Rise in Baker Acts photo

The number of Baker Act cases on campus has been increasing this year, according to the UCF Police Department. A member of Chief Carl Metzger's advisory council suggested posting signs with mental health resources on top of parking garages in the fall. 

The UCF Police Department is seeing an increasing number of students in crisis this year.

“We are literally talking students off the top of parking garages who want to take their own lives, which is heartbreaking,” UCF Police Chief Carl Metzger said in a February public safety town hall.

Amanda Sellers, UCF Police Department public information officer, said in an email that the department has received more calls from the tops of parking garages in recent years, and the number of Baker Act cases on campus has been rising since students returned to campus in 2021.

UCF’s Baker Act numbers declined precipitously during the COVID-19 pandemic, according to a UCFPD’s video. Twenty-seven students were Baker acted in 2020, the lowest number since 2010.

Numbers have since been rising, but this year’s total is still projected to be lower than pre-pandemic totals.

Twenty-six individuals have been Baker acted through April 2022, more than half of last year’s total number of Baker Acts, but 2019 numbers are still set to exceed 2022's, with 87 individuals Baker acted that year. Baker Acts hit a peak in 2017 with 118 students evaluated, almost one every three days.

Andrea DeWitt, admissions specialist at the University Behavioral Center, said the Baker Act is a Florida law that allows mental health professionals to evaluate individuals who meet certain criteria.

“The Baker Act is a statute that says that anyone who is a danger to themselves or others can be involuntarily placed in a psychiatric facility for up to 72 hours,” she said.

Sellers said the UCFPD usually sees more Baker Acts toward the end of the semester when final exams week approaches.

“Most of these are attributed to students being stressed about finals or not passing a class,” she said.

A person can be Baker acted if they present any immediate danger to themselves or others, DeWitt said. Common indicators include suicidal thoughts, homicidal thoughts, self-harming behavior, psychosis and the inability to care for oneself.

She also said Baker Acts can be initiated by both law enforcement and licensed mental health professionals. She said that whether an individual meets the criteria is up to that person’s clinical discretion.

Charlotte Melton, vice president of the Mental Health Association of Central Florida, said suicide is the second leading cause of death in the nation for 11 to 24-year-olds.

“Baker-Act-receiving facilities are like ERs for our minds,” she said.

According to the Mental Health Association's You are a Lifeguard campaign, 12 in every 100,000 young adults ages 20-24 die by suicide each year.

Jocelyn Buhain, associate director of Clinical Services at UCF’s Counseling and Psychological Services, said there were fewer Baker Acts on campus during the pandemic because students were isolating at home.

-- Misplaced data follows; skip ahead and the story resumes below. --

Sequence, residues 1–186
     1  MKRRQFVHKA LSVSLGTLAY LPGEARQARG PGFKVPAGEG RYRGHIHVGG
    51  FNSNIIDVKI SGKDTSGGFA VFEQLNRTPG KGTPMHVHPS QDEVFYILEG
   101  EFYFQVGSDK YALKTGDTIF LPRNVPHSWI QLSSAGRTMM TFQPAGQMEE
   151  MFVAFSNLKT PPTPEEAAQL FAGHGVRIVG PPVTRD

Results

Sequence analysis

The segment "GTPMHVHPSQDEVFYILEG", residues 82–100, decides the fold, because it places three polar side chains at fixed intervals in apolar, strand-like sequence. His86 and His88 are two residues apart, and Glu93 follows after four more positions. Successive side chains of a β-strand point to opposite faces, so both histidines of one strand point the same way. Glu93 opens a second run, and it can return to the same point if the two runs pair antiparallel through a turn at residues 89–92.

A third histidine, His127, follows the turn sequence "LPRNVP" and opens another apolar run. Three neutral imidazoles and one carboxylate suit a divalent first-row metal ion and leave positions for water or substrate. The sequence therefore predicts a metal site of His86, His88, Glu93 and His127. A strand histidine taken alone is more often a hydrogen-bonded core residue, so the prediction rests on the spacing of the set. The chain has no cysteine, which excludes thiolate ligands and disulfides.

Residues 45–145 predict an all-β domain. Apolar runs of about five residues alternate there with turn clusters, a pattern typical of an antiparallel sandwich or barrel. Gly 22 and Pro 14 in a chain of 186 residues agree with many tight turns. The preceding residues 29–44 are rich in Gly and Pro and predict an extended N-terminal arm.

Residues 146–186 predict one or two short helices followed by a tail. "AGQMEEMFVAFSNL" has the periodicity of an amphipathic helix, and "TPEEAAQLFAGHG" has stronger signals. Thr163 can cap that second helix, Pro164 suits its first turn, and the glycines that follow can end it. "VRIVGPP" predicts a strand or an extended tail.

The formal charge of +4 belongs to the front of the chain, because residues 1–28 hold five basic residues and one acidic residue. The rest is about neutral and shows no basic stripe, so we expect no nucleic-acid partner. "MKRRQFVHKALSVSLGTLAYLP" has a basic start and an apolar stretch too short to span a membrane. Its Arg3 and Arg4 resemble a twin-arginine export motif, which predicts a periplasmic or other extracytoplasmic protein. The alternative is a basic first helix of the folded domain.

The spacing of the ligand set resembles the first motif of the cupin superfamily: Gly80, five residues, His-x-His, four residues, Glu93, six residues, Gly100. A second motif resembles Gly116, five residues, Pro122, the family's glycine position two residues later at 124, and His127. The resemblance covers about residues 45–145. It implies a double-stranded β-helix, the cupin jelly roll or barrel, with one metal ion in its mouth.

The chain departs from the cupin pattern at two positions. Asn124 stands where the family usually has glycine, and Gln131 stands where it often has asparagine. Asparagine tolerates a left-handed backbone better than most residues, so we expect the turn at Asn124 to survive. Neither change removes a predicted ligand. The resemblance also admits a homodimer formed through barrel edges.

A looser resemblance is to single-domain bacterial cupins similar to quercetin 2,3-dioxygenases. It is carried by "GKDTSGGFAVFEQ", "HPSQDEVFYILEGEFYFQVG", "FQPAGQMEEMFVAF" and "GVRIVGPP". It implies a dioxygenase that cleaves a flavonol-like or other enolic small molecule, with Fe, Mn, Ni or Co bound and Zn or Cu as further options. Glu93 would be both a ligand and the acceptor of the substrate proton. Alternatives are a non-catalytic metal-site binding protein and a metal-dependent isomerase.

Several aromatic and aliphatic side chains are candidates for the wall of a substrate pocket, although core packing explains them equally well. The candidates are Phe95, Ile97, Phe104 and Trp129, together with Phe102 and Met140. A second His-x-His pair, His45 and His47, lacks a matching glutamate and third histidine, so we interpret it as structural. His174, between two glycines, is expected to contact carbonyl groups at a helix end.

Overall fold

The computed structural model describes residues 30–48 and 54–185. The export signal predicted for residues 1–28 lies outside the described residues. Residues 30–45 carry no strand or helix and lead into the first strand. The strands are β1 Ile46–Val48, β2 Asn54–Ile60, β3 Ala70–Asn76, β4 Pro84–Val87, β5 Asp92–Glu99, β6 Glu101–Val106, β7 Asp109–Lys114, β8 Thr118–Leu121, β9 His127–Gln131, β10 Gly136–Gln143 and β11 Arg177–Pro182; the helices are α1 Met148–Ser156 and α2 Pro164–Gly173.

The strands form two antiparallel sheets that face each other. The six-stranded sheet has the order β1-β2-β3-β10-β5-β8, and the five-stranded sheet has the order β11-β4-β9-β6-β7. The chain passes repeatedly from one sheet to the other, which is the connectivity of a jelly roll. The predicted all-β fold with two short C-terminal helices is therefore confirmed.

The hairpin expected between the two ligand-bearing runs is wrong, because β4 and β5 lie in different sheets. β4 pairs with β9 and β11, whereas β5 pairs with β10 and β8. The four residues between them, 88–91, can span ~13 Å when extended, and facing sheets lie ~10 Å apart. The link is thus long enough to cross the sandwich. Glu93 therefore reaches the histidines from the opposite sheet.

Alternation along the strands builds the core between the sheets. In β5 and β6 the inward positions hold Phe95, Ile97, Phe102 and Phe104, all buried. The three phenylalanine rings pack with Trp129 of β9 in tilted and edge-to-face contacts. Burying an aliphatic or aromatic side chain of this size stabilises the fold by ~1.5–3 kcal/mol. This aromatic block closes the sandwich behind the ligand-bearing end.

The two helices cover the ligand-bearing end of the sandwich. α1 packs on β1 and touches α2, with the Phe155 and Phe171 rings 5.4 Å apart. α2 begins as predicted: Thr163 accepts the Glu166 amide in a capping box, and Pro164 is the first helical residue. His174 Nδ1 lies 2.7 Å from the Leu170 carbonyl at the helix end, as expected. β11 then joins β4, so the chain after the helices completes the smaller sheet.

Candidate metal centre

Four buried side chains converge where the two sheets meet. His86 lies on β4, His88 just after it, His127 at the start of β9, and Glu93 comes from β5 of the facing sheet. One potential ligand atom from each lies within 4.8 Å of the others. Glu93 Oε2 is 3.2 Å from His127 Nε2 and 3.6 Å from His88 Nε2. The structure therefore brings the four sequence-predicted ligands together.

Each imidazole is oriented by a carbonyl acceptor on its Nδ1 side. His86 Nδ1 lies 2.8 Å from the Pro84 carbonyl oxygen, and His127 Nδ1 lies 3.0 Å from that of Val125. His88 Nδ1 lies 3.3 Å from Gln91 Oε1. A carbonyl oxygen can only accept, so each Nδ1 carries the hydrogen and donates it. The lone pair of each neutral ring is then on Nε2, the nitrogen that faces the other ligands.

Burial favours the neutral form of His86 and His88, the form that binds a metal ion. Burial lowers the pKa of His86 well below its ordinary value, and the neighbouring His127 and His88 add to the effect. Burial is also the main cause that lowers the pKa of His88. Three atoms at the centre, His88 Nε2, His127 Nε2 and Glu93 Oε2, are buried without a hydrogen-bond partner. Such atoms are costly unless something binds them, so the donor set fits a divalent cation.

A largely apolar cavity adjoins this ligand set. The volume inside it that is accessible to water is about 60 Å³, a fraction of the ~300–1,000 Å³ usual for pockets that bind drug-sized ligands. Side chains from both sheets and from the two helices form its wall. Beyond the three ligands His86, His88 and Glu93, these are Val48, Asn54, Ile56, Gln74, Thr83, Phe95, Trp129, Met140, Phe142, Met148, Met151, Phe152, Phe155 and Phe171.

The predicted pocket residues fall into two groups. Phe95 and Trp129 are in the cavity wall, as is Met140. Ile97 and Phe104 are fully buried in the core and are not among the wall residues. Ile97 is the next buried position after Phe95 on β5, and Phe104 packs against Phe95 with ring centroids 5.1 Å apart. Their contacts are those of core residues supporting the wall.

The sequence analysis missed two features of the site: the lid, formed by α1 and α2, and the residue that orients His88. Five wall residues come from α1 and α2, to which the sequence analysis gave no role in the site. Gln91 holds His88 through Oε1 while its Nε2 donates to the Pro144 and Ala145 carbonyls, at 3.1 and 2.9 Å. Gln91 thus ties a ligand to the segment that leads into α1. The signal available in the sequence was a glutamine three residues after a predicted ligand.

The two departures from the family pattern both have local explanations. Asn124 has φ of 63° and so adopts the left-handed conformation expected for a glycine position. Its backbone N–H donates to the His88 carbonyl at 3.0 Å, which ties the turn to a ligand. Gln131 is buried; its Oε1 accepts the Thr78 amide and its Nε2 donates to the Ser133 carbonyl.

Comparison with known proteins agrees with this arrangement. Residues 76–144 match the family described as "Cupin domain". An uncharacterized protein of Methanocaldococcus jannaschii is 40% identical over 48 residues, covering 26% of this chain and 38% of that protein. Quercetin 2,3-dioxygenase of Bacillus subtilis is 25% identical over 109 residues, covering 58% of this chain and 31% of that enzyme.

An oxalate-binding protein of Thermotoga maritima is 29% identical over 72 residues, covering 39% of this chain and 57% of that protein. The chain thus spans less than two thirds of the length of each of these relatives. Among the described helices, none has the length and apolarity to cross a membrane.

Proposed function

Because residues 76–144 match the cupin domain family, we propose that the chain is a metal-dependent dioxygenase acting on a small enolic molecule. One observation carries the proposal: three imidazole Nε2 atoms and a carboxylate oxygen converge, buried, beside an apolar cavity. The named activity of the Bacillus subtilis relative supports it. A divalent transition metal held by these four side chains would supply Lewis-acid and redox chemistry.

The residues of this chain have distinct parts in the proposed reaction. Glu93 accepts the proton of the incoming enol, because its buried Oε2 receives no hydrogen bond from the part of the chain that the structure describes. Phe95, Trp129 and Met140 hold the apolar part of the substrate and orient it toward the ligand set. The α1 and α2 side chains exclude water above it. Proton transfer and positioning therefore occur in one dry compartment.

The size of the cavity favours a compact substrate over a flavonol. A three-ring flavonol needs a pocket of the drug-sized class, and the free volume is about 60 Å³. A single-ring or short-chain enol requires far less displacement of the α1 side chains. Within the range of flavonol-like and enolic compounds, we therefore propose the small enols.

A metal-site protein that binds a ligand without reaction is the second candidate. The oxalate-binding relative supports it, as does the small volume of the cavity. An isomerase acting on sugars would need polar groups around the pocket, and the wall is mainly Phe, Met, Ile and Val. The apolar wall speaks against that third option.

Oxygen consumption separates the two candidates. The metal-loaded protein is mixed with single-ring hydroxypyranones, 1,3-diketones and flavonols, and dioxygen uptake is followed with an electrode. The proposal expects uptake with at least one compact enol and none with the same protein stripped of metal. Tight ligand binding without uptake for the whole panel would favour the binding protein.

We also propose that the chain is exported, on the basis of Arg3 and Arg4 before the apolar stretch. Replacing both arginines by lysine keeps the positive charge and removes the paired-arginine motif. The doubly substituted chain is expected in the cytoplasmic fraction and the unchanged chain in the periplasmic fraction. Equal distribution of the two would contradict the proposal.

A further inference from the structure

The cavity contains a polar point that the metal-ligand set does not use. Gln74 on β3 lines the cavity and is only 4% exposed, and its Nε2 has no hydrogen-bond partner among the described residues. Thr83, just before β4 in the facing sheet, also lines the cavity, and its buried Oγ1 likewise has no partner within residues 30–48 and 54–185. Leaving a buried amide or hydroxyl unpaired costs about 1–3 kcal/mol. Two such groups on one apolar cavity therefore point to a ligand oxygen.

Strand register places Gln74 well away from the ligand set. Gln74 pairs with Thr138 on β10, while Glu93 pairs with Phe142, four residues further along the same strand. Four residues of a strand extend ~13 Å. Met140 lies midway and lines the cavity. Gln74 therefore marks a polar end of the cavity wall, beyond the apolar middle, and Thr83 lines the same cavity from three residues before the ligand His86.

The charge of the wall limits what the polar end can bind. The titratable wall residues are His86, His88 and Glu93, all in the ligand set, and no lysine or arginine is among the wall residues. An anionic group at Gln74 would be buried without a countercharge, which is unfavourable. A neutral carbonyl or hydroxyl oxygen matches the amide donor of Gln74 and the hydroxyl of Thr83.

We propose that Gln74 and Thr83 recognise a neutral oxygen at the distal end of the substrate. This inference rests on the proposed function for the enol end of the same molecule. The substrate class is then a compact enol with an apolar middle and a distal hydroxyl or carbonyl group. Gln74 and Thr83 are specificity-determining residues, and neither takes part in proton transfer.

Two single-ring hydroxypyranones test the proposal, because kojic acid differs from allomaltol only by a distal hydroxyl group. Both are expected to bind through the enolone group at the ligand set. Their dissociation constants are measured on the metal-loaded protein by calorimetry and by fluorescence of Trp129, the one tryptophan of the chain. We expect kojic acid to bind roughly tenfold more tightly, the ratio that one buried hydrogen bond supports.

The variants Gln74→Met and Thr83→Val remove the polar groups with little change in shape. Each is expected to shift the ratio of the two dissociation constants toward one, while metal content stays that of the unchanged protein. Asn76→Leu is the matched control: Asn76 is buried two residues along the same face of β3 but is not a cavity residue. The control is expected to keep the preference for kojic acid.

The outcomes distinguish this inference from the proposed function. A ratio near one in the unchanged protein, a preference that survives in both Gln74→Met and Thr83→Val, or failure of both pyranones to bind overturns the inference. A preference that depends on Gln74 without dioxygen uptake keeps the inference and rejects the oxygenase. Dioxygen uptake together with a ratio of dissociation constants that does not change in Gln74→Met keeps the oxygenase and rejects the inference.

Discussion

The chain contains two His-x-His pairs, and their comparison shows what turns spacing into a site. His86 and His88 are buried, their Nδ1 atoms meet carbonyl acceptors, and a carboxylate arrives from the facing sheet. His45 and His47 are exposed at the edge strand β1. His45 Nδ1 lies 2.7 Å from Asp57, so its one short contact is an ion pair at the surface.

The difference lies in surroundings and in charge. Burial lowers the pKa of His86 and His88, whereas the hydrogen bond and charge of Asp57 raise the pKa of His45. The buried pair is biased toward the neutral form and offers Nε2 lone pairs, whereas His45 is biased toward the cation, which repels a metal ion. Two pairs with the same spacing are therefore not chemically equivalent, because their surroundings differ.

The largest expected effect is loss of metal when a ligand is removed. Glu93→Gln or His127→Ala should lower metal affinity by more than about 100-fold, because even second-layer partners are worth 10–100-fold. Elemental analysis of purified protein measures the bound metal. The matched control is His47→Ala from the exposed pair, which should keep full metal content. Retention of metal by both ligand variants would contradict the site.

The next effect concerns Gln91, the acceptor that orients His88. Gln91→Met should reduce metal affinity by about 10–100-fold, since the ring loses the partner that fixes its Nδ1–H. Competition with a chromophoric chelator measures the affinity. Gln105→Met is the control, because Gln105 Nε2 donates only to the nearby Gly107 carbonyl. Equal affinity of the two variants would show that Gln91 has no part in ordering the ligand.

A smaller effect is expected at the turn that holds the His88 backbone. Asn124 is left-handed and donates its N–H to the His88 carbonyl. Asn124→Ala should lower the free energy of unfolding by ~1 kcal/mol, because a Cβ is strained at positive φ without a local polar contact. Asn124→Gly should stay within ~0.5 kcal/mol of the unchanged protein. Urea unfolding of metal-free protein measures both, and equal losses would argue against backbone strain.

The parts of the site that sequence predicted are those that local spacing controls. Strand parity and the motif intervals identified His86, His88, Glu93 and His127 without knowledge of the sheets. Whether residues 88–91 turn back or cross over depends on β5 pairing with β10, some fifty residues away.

"We believe the predominant reason is because fewer individuals were on UCF’s property,” Buhain said. “During the pandemic, we just had fewer numbers of people overall physically on UCF’s campus."

However, when students returned to campus in 2021 and 2022, Buhain said CAPS saw a surge of students wanting to utilize mental health resources.

“Compared to last year, we are definitely seeing more students want counseling, more students needing counseling,” Buhain said.

During final exams week, she said the number of students utilizing CAPS services does not necessarily increase, but there is typically a higher percentage of students experiencing more urgent academic concerns.

Buhain said she hopes students will continue to access the resources available through CAPS. She said she believes helping students find the mental health resources they need is the best way to prevent Baker Acts, which could account for why this year’s numbers on campus have been lower than before the pandemic.

“Baker Acts are sort of a last resort,” Buhain said. “I don’t think it’s ever something a clinician wants to do, but if there’s no other options to best help this person, then we kind of use Baker Acts as a last resort.”

Buhain said that UCFPD works closely with CAPS to ensure that students in crisis are taken care of. She said officers will sometimes escort students straight to CAPS to get counseling.

Metzger said officers are given annual crisis intervention training courses that prepare them to interact with students in crisis.

“We’re saving lives with our training and the way we go about our business, and we’re very proud of the way we do that,” he said.

A widely shared video tweeted by the UCF Police Department shows the emotional body camera footage of an officer saving a student from jumping off a parking garage.

After watching the footage, a member of Metzger’s student advisory council suggested posting signs with mental health resources on the tops of parking garages. The signs say, “you matter,” and they list several hotlines students can call, including UCFPD and the national suicide prevention lifeline.

“Our top focus area is mental health,” Metzger said. “And we’re passionate about taking care of our students.”

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